Circulating message features photographs depicting a luxury yacht slipping from its delivery slings and plunging front first into the water while two yacht company representatives cling on for dear life.
The photographs are genuine and depict a real event. The accident took place at Dubai’s Port Jebel Ali in March 2007 as the yacht was being off-loaded for delivery to its new owner. The boat sank after hitting the water. The crewmen were saved, although one was injured. The yacht, a Carver, was insured and was reportedly later replaced with another Carver yacht. Pricing details contained in this version of the message are inaccurate.
Subject: YACHT MISHAP
85 foot custom-built motor yacht complete with 4 state rooms,
a state-of-the-art galley, GPS System and radar for navigation,
twin supercharged diesel engines, etc.
Champagne, chocolate covered strawberries with cream and
music dockside for the excited ‘soon to be owner’ and a small
group of his friends.
Two corporate representatives, crane, and rigging
$2,500..00 a hour minimum…
a faulty turnbuckle…
(Note the owner in the stern/back of the yacht)
Watching your 7 million dollar dreamboat nose dive into the
harbour, accompanied by two corporate representatives from the company
that built it just prior to ‘inking’ the final paperwork and
handing over a 7 million dollar bankers check
So, how was your day?
These rather compelling images depicting an unfortunate incident in which a brand new luxury yacht meets its watery demise while being off-loaded have now been circulating via email and social media posts for several years.
As seems to be now the norm with any unusual or interesting pictures that circulate online, a number of self-proclaimed experts have declared the yacht accident pictures to be “photoshopped”.
However, the images are in fact genuine and depict a real mishap that took place in Port Jebel Ali, Dubai in March 2007.
Soon after the accident occurred, the images began circulating online, generating a great deal of discussion and interest. Boating website Mad Mariner came across the images and conducted further investigation into their origin, noting in a November 2007 article:
Curious about the story behind the photos – and what happened to that boat – Mad Mariner did a little digging. The search led us to Carver Yachts, where spokesman Dick Nocenti verified that the photos are real and provided details about the accident.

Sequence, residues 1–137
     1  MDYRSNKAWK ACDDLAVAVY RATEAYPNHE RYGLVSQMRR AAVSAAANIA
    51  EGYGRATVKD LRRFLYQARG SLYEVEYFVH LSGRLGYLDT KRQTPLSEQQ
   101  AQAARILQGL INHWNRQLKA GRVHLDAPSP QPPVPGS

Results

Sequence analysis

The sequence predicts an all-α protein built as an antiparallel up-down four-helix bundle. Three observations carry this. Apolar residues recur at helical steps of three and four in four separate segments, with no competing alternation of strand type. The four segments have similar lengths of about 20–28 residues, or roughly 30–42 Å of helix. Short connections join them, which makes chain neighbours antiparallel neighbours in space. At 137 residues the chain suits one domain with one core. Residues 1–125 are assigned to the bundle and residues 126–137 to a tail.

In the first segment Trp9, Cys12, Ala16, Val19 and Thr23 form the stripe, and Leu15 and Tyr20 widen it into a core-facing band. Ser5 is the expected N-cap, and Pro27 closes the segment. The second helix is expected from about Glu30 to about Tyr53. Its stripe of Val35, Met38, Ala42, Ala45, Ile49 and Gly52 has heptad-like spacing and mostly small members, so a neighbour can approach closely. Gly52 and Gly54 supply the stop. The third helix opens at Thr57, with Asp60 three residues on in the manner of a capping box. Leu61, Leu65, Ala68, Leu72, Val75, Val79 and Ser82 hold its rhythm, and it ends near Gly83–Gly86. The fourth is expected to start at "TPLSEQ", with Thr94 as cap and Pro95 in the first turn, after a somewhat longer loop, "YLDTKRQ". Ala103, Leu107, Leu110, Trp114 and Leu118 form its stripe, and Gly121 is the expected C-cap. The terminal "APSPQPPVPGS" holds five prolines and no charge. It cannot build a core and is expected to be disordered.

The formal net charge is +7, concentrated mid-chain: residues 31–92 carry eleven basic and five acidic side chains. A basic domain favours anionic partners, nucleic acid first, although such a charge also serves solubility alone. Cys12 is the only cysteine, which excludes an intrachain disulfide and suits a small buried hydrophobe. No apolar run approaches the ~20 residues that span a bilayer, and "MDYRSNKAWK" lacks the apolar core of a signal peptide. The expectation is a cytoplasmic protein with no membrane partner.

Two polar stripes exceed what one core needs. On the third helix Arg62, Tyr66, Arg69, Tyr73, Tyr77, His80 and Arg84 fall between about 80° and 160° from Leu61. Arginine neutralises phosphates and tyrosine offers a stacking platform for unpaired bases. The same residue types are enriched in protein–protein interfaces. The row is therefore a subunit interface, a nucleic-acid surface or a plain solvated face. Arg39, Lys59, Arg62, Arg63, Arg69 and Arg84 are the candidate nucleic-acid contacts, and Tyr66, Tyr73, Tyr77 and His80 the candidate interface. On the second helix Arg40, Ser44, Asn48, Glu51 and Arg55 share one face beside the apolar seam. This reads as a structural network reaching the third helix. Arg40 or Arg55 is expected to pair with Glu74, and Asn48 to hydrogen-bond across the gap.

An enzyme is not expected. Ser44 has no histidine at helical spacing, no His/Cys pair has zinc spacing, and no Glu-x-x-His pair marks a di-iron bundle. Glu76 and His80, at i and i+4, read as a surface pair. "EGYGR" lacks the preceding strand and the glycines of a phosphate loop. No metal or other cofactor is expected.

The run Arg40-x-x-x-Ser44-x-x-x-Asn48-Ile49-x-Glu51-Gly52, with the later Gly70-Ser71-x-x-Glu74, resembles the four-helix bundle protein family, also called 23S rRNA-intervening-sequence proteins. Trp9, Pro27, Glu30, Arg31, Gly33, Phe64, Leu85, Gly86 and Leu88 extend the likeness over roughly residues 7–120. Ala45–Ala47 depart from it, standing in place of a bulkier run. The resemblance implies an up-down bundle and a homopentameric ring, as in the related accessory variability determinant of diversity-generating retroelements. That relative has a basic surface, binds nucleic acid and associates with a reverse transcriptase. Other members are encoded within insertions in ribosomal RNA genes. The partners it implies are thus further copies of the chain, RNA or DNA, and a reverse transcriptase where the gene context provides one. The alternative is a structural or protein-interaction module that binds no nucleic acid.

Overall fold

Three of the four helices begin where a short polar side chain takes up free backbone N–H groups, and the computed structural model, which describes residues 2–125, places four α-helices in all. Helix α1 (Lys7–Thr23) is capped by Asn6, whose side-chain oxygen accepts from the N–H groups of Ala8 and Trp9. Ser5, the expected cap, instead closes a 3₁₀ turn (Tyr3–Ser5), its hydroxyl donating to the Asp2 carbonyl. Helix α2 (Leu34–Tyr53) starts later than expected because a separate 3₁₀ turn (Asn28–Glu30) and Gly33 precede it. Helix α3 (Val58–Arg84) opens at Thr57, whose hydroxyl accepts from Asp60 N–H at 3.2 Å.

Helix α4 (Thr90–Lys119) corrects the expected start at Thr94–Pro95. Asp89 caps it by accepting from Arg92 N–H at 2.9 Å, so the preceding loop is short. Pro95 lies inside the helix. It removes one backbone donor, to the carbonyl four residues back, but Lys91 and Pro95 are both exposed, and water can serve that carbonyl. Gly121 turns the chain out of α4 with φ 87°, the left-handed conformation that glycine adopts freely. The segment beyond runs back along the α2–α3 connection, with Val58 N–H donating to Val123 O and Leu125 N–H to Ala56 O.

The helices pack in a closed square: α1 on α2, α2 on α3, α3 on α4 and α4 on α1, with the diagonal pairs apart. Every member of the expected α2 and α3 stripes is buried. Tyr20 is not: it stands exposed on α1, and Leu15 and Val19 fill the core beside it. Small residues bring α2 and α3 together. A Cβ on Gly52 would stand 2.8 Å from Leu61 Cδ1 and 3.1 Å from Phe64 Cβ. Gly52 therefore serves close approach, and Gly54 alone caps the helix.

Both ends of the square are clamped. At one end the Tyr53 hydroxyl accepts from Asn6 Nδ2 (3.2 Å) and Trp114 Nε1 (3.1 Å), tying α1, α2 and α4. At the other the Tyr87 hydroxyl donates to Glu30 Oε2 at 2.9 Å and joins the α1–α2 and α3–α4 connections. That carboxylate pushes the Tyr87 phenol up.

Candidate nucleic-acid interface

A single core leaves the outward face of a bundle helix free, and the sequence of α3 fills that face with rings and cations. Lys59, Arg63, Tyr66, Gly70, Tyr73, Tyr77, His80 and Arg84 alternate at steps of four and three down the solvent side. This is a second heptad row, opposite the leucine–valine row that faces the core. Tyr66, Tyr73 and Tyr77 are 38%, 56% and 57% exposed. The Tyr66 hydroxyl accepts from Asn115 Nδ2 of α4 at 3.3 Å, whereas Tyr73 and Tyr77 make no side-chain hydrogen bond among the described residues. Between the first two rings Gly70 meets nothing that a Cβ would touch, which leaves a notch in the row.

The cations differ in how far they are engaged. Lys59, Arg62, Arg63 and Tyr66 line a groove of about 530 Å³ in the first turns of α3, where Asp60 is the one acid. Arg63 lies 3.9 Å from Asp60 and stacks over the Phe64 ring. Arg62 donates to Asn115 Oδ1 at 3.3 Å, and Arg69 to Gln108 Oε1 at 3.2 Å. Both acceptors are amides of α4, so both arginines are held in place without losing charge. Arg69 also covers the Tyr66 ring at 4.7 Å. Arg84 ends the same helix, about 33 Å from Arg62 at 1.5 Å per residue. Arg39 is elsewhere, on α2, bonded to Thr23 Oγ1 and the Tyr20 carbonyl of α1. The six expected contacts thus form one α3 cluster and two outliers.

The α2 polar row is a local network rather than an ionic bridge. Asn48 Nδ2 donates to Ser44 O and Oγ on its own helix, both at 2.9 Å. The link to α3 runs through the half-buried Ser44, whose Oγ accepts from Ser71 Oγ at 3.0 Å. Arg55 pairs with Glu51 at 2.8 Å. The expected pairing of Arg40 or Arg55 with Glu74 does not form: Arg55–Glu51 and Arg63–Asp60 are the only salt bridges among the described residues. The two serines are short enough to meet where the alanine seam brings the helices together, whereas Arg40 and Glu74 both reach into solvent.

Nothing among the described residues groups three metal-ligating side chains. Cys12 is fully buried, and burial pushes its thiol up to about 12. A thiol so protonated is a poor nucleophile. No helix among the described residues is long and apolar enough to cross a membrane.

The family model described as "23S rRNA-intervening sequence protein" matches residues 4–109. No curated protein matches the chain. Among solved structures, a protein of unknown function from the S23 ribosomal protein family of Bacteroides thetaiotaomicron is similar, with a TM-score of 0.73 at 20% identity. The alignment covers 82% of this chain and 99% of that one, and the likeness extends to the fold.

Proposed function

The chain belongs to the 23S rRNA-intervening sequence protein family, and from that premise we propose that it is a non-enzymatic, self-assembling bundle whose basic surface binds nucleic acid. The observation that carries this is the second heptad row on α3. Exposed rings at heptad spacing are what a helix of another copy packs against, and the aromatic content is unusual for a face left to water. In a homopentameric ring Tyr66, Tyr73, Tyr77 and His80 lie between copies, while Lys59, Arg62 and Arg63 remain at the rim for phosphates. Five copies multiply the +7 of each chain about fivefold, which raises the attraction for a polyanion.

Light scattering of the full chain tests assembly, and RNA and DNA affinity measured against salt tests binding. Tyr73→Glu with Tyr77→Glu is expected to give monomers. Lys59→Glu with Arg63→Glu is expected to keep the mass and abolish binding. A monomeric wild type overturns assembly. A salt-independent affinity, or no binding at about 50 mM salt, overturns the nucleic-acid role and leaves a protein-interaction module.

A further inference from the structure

This picture sparked an Internet frenzy as readers speculated whether it was legitimate. It is shown here in its original state. The image on Mad Mariner’s home page was color enhanced to improve visibility.
The brand-new 55-foot Carver Marquis – baseline price $1.2 million, and closer to $2 million out the door – was being off-loaded for delivery to its new owner in Dubai’s Port Jbel Ali on March 7, Nocenti said. An insurance representative was on hand snapping pictures and two Carver representatives were aboard, ready to ferry the boat to its owner as soon as it hit the water.
The vessel plunged into the water after it slipped from its rear delivery strap “due to wind and water action”. The boat nosedived, hitting the bottom and crushing the front end before finally capsizing and sinking.
The hapless crewmen could do nothing but plunge down with the stricken vessel. They were pulled safely from the water, although one of the men sustained a broken collar bone. The photograph shows one man in the rear of the boat while the arm of the second man can be seen a little to the front of him.
Not surprisingly, the yacht was a total loss. It was later raised from the water and taken away by the insurance company. The owner, who was not identified by the Carver spokesman, reportedly bought another Carver yacht as soon as the insurance claim was settled.
Some details in this version of the message are inaccurate. According to the Mad Mariner article and other sources, the base price tag of the yacht was around 1.2 million dollars, not 7 million dollars as claimed in the message. And, the man in the back of the yacht is not its new owner, but a Carver crewman.
Importance NoticeAfter considerable thought and with an ache in my heart, I have decided that the time has come to close down the Hoax-Slayer website.
These days, the site does not generate enough revenue to cover expenses, and I do not have the financial resources to sustain it going forward.
Moreover, I now work long hours in a full-time and physically taxing job, so maintaining and managing the website and publishing new material has become difficult for me.
And finally, after 18 years of writing about scams and hoaxes, I feel that it is time for me to take my fingers off the keyboard and focus on other projects and pastimes.
When I first started Hoax-Slayer, I never dreamed that I would still be working on the project all these years later or that it would become such an important part of my life. It's been a fantastic and engaging experience and one that I will always treasure.
I hope that my work over the years has helped to make the Internet a little safer and thwarted the activities of at least a few scammers and malicious pranksters.
A Big Thank YouI would also like to thank all of those wonderful people who have supported the project by sharing information from the site, contributing examples of scams and hoaxes, offering suggestions, donating funds, or helping behind the scenes.
I would especially like to thank David White for his tireless contribution to the Hoax-Slayer Facebook Page over many years. David's support has been invaluable, and I can not thank him enough.
Closing DateHoax-Slayer will still be around for a few weeks while I wind things down. The site will go offline on May 31, 2021. While I will not be publishing any new posts, you can still access existing material on the site until the date of closure.
Thank you, one and all!